Harnessing the Effort of Planning for a New Puppy

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If you’re planning to bring home a new puppy, there’s a lot of planning and preparation to consider ahead of time. Planning and prep are best to do ahead of time, as opposed to waiting until that cute little bundle of joy is melting your heart…and chewing everything in sight.

Before You Bring a Puppy Home

Be prepared to learn the skills, patience and consistency that will help your puppy adapt successfully to our human world. The goal is living harmoniously together. Not just for a week or two, but for life. 

It’s best to decide on feeding, sleeping, and potty routines before bringing the puppy home. And then, stick with the plan, when possible. Routines are adaptable, and each dog should be treated as an individual. We, as dog guardians, should be able to adjust our expectations based on our pups’ preferences too, as long as it is safe and healthy for the pup. It just takes  dedication and advanced preparation, including purchasing some necessities to help make pup’s transition into your home safer, easier and happier. Here’s a partial list to get you started:

  • Collar — So the pup can carry his or her ID! 
  • Leash — To help get pup used to loose leash walking, which is easier to train when the pup is young. Using a plain, 4’ — 6’ leash is highly recommended. 
  • Harness – Helps with walking, while taking the pressure off the puppy’s neck and very delicate neck structures. 
  • Bed — So the pup has a comfortable resting spot.
  • Crate — As another comfortable resting spot and also to help with house-training and management, so he or she doesn’t wander all over the house unsupervised. Crate training your puppy has many benefits, including strengthening your puppy’s bladder muscles, creating a place for puppy to practice chewing appropriate items and providing a safe place for your puppy to relax.
  • Food — we highly encourage you to check with your vet or a vet nutritionist about diet and feeding recommendations for your specific pup. 
  • Training treats — Use the pup’s regular food when possible, but healthy treats can be used for training too. A nice way to bond and train is hand-feeding the puppy a meal – or at least part of it. Guardians can measure out the day’s food ahead of time and hand feed portions as part of the pup’s regular meal at mealtime and during training times. 
  • Chew toys — Most pups like to chew! This is a normal, species-specific trait. So make sure you provide them with allowable items, so they don’t chew up other things that can be dangerous to them and frustrating (and expensive!) to you. 
  • Other toys — Work and play with the pup so you can discover what toys the pup likes. Dogs like to play, so make sure you have items they want to play with.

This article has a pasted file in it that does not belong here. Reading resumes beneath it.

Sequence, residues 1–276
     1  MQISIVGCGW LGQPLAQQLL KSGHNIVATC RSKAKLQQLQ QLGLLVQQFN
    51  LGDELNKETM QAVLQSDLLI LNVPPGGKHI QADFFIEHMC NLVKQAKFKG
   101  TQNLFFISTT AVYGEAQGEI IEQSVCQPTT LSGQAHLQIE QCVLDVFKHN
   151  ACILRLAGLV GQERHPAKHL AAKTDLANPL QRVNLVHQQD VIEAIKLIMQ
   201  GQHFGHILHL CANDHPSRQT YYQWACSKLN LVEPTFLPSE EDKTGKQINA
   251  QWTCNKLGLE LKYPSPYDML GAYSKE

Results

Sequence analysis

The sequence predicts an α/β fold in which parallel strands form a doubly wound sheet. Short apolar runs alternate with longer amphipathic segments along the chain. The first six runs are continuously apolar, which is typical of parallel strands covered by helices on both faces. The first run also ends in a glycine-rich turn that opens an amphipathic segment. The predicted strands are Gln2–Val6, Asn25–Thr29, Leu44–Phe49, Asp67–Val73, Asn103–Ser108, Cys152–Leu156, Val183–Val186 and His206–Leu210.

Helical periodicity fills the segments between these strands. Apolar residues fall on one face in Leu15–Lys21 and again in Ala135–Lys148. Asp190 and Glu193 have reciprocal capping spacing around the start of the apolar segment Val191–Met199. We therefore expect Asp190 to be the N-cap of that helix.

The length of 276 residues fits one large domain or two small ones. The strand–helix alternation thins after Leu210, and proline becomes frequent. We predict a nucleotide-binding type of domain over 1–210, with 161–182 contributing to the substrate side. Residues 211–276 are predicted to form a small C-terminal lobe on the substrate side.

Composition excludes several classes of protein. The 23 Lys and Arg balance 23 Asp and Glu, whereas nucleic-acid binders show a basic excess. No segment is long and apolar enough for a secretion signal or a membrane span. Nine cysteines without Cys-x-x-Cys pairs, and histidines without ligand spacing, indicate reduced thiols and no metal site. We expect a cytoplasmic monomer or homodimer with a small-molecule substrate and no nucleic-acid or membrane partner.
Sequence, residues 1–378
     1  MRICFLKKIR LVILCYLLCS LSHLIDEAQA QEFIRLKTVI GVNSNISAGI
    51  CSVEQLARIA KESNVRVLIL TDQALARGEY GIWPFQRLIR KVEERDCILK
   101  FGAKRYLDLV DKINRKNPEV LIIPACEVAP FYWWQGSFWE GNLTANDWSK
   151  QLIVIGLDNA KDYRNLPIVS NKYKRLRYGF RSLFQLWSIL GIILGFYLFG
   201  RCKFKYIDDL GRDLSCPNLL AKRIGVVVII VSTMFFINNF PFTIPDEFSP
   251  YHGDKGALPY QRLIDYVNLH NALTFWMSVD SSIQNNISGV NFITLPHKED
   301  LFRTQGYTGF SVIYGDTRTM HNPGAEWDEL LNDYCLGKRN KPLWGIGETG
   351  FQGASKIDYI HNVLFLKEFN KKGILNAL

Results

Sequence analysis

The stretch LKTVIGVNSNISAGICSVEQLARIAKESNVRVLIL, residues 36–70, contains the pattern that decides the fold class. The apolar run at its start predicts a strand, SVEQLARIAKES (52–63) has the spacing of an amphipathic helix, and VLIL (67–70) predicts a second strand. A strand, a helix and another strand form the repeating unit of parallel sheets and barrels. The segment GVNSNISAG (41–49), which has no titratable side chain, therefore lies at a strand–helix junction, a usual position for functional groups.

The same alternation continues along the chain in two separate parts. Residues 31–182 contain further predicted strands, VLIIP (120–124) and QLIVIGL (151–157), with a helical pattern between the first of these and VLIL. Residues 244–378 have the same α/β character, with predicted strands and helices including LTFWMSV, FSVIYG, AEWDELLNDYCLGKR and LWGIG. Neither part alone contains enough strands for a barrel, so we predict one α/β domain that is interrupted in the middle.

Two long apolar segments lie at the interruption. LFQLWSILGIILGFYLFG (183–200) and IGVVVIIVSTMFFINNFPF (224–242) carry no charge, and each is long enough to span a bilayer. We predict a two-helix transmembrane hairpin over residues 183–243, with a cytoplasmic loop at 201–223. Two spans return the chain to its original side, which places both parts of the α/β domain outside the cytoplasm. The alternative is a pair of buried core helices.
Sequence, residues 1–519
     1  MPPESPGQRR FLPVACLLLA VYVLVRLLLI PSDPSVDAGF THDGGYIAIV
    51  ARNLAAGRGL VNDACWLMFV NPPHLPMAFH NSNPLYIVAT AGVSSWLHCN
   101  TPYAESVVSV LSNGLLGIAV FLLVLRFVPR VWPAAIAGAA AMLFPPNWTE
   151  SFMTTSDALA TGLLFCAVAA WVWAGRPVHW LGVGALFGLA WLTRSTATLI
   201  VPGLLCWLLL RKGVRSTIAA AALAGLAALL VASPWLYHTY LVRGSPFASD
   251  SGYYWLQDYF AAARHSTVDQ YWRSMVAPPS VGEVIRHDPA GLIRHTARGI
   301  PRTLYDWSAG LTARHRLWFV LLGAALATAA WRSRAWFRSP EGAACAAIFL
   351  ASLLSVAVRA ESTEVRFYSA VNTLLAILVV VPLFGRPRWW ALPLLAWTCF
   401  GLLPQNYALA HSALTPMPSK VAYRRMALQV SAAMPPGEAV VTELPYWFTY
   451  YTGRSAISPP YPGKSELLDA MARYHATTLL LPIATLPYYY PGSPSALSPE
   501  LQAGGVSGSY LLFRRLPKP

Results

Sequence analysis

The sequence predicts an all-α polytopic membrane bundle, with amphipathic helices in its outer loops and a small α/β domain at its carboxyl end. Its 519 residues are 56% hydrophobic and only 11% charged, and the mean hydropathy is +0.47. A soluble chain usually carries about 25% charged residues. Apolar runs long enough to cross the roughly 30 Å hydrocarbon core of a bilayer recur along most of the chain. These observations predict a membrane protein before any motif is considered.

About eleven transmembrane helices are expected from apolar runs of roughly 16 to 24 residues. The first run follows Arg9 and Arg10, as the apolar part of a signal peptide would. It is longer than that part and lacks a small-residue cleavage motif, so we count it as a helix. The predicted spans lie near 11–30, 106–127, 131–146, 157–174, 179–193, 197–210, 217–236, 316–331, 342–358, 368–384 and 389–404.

• Water and food bowls.
  • Enrichment toys, including interactive food toys! – If you plan on feeding or treating your puppy using interactive food toys, you can start right away. Nina Ottosson has some great food puzzle toys, as does the Kong® Company
  • Bathing and grooming supplies — Because puppies like to play and get dirty! They need to be groomed regularly; it helps keep them healthy. 

When You Bring the Puppy Home

However, it will take more than material items to help a pup adjust to a new home. Puppies might be especially stressed when they’re first brought home because of being in new surroundings, with new people, and maybe with new animal siblings. There’s also being away from littermates, possibly from his or her mother, and people. Generally speaking, animals (including humans) get stressed with change! So all of these changes can cause acute stress for your new puppy. 

It’s important to allow puppies to share and exhibit their feelings. This is a good time to begin studying and learning their body language. Pups might have a change in eating, drinking, and/or elimination patterns. They might vocalize or whimper as well as other common forms of canine communication. Be patient, listen to them, watch them, and remember to comfort them. You can’t reinforce fear or anxiety, but you can show you care with love and comfort.    

Avoid Common Mistakes

Guardians need to remember that puppies are puppies! They aren’t adult dogs. They still need to learn all about their environments and be taught what the rules are in a loving and productive way. Reinforce behaviors you like and want, even when you didn’t ask. Just because a pup goes potty in the right place one time doesn’t mean he or she is house-trained.

Remember that a puppy will wake up in the middle of the night and need to go out to the bathroom — this means the guardian needs to take the puppy out! Also keep in mind that young pups need to nap throughout the day. And, they sleep for longer periods, compared to adult dogs. Finally, consider that puppies are active, like to play, have lots of energy, and still need to learn what is expected of them. Again, be patient and understanding, and a good teacher.

Yes. Puppies are a lot of work. But the payoffs of having a puppy outweigh the frustrations for some. The cuteness, the sweet smell of puppy breath, the floppy playfulness pouncing on inanimate objects. And, time flies by pretty quickly. Before you know it your cute little bundle of fluff will be all grown up, so enjoy every moment together – even the 2:00 AM potty adventures! 

Here’s to a lifetime of unleashing adventures and harnessing fun together!


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